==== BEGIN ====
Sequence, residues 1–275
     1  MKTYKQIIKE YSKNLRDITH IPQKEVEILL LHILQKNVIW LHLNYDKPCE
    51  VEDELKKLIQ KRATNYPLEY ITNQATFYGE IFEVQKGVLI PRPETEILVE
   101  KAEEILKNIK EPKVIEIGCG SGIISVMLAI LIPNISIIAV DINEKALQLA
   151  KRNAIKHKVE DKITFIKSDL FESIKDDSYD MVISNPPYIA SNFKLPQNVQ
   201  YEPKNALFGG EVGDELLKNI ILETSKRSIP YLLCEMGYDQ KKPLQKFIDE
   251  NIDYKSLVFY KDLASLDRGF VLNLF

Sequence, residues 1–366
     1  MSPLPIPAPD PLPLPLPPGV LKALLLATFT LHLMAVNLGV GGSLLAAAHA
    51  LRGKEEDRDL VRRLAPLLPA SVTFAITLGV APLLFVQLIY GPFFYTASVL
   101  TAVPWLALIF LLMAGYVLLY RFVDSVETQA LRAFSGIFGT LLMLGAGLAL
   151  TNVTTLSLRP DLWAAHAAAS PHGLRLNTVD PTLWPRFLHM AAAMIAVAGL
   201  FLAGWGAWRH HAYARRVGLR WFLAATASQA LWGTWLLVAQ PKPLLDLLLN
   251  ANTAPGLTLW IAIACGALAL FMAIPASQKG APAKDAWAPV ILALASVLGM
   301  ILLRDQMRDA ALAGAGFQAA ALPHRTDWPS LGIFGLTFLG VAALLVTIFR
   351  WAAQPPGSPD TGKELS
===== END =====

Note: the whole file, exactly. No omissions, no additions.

Sequence, residues 1–275
     1  MKTYKQIIKE YSKNLRDITH IPQKEVEILL LHILQKNVIW LHLNYDKPCE
    51  VEDELKKLIQ KRATNYPLEY ITNQATFYGE IFEVQKGVLI PRPETEILVE
   101  KAEEILKNIK EPKVIEIGCG SGIISVMLAI LIPNISIIAV DINEKALQLA
   151  KRNAIKHKVE DKITFIKSDL FESIKDDSYD MVISNPPYIA SNFKLPQNVQ
   201  YEPKNALFGG EVGDELLKNI ILETSKRSIP YLLCEMGYDQ KKPLQKFIDE
   251  NIDYKSLVFY KDLASLDRGF VLNLF

Sequence, residues 1–366
     1  MSPLPIPAPD PLPLPLPPGV LKALLLATFT LHLMAVNLGV GGSLLAAAHA
    51  LRGKEEDRDL VRRLAPLLPA SVTFAITLGV APLLFVQLIY GPFFYTASVL
   101  TAVPWLALIF LLMAGYVLLY RFVDSVETQA LRAFSGIFGT LLMLGAGLAL
   151  TNVTTLSLRP DLWAAHAAAS PHGLRLNTVD PTLWPRFLHM AAAMIAVAGL
   201  FLAGWGAWRH HAYARRVGLR WFLAATASQA LWGTWLLVAQ PKPLLDLLLN
   251  ANTAPGLTLW IAIACGALAL FMAIPASQKG APAKDAWAPV ILALASVLGM
   301  ILLRDQMRDA ALAGAGFQAA ALPHRTDWPS LGIFGLTFLG VAALLVTIFR
   351  WAAQPPGSPD TGKELS